07/31/2012 4:57:46 PM PDT · by SunkenCiv · 27 replies
    NASA ^ | July 31, 2012 | (see photo credit)
    Explanation: Next week at this time, there may be an amazing new robotic explorer on Mars. Or there may be a new pile of junk. It all likely depends on many things going correctly in the minutes after the Mars Science Laboratory mission arrives at Mars and attempts to deploy the Curiosity rover from orbit. Arguably the most sophisticated landing yet attempted on the red planet, consecutive precision events will involve a heat shield, a parachute, several rocket maneuvers, and the automatic operation of an unusual device called a Sky Crane. These "Seven Minutes of Terror" -- depicted in the...
  • Astronomy Picture of the Day -- Ash and Lightning Above an Icelandic Volcano

    07/30/2012 2:22:27 PM PDT · by SunkenCiv · 18 replies
    NASA ^ | July 30, 2012 | (see photo credit)
    Explanation: Why did the picturesque 2010 volcanic eruption in Iceland create so much ash? Although the large ash plume was not unparalleled in its abundance, its location was particularly noticeable because it drifted across such well-populated areas. The Eyjafjallajökull volcano in southern Iceland began erupting on 2010 March 20, with a second eruption starting under the center of a small glacier on 2010 April 14. Neither eruption was unusually powerful. The second eruption, however, melted a large amount of glacial ice which then cooled and fragmented lava into gritty glass particles that were carried up with the rising volcanic plume....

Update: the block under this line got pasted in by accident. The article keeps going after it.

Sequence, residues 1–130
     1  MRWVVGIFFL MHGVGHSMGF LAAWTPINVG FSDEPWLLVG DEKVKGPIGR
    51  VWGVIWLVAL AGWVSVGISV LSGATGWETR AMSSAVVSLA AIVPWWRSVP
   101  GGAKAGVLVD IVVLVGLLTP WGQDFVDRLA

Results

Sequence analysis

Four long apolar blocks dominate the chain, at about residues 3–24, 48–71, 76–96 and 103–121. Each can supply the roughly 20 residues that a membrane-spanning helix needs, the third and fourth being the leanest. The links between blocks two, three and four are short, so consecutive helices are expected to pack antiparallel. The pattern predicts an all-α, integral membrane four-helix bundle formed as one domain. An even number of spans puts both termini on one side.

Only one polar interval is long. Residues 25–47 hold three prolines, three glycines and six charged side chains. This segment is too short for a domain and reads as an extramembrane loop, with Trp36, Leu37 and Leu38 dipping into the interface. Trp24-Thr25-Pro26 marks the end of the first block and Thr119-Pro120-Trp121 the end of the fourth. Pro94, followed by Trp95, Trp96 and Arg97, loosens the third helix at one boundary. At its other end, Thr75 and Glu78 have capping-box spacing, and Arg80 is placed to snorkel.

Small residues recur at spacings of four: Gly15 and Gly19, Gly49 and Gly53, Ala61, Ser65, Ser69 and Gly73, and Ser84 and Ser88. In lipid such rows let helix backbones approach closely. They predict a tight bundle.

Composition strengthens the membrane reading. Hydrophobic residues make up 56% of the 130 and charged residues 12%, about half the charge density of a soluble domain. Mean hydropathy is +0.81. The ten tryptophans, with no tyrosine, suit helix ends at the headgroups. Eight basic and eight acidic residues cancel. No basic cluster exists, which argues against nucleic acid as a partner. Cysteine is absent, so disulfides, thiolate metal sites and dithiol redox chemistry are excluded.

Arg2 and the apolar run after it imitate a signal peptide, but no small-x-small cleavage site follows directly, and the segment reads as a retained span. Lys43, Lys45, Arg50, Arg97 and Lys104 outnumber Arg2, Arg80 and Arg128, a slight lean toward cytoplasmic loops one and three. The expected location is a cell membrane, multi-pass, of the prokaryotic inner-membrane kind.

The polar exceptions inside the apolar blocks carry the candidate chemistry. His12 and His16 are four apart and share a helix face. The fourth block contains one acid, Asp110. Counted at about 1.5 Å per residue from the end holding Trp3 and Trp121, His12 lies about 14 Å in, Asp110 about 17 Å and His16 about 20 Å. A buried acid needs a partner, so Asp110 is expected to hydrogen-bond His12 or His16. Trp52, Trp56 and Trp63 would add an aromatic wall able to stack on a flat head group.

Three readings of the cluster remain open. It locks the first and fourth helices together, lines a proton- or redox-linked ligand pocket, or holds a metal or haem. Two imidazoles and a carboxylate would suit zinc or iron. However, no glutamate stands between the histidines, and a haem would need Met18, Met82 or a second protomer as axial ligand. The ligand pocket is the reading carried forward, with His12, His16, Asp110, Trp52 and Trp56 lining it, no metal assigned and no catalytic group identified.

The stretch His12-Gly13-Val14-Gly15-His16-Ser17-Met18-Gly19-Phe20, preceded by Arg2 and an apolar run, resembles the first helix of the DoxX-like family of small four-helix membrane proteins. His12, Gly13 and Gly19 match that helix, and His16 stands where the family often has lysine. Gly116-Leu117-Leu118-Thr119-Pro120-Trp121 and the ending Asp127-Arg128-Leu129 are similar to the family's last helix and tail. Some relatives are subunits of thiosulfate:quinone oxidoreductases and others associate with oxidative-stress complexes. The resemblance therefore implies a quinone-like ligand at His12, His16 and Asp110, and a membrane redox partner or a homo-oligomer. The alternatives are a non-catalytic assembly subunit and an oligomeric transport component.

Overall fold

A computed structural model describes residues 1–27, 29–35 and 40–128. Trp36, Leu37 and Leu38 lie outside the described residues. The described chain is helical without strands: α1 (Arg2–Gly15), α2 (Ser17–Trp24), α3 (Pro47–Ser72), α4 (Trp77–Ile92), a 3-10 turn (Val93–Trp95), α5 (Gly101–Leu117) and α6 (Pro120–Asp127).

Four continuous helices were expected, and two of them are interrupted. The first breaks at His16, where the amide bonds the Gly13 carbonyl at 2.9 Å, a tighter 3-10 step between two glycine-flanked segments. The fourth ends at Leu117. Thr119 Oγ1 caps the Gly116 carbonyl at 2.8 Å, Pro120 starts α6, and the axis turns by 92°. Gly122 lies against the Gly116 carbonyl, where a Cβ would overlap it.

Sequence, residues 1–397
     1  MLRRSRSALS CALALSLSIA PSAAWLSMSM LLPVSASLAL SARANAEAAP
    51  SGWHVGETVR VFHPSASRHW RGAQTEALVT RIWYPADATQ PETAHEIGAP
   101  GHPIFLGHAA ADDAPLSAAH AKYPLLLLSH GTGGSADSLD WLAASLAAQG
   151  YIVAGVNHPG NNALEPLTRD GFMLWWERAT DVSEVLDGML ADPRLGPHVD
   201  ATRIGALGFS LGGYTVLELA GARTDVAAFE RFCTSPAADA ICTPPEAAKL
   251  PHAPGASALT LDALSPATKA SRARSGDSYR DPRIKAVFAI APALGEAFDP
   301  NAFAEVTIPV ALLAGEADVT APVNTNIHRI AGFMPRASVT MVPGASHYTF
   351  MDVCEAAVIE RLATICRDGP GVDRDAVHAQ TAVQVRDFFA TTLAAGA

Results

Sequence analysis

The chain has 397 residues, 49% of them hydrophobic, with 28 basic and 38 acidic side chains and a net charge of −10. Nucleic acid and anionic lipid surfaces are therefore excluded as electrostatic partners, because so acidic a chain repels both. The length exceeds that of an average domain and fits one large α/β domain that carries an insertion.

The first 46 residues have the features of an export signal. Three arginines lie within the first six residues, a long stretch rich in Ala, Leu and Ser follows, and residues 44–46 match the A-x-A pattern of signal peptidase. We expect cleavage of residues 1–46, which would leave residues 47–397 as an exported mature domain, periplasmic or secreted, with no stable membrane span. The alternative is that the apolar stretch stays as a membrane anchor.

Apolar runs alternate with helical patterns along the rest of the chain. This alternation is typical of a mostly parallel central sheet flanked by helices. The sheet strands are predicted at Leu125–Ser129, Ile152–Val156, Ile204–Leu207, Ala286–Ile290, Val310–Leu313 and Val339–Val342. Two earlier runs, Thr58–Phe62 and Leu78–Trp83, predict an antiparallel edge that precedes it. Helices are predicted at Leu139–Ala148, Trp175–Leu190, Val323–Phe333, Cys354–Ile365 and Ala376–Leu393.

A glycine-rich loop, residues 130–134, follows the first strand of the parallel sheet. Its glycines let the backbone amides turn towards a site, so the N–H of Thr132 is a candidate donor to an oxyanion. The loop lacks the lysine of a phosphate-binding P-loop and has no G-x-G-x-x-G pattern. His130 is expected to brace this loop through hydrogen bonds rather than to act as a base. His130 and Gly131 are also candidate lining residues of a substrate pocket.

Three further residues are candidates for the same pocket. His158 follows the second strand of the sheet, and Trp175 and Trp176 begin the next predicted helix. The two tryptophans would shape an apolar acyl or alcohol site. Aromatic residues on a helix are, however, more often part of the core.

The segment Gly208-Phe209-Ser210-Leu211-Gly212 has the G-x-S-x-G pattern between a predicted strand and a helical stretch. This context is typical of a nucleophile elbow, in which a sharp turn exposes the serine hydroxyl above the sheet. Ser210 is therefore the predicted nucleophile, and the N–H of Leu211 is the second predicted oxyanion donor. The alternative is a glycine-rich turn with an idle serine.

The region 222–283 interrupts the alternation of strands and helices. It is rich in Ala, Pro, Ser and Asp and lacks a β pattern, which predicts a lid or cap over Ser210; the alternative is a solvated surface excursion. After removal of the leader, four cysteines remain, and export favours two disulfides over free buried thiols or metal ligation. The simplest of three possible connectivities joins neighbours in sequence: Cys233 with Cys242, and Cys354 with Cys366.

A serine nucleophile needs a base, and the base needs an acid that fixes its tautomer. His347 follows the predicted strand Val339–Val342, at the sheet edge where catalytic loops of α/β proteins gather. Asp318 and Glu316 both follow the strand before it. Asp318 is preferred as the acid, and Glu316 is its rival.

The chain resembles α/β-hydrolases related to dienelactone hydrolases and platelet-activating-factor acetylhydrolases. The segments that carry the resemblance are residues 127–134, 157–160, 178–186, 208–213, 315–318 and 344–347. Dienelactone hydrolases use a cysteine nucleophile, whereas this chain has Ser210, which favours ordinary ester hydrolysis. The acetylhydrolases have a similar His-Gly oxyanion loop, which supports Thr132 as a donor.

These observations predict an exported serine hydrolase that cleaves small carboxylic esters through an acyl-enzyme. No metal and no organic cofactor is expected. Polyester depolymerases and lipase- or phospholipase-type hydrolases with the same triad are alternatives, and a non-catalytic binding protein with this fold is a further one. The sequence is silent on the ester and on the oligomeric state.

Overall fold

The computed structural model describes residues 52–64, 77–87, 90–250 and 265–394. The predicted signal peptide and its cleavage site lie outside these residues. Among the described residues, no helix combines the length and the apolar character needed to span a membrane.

• Astronomy Picture of the Day -- Star Cluster R136 Bursts Out

    07/30/2012 2:09:08 PM PDT · by SunkenCiv · 6 replies
    NASA ^ | July 29, 2012 | (see photo credit)
    Explanation: In the center of star-forming region 30 Doradus lies a huge cluster of the largest, hottest, most massive stars known. These stars, known collectively as star cluster R136, were captured above in visible light by the Wide Field Camera peering through the refurbished Hubble Space Telescope. Gas and dust clouds in 30 Doradus, also known as the Tarantula Nebula, have been sculpted into elongated shapes by powerful winds and ultraviolet radiation from these hot cluster stars. The 30 Doradus Nebula lies within a neighboring galaxy known as the Large Magellanic Cloud and is located a mere 170,000 light-years away....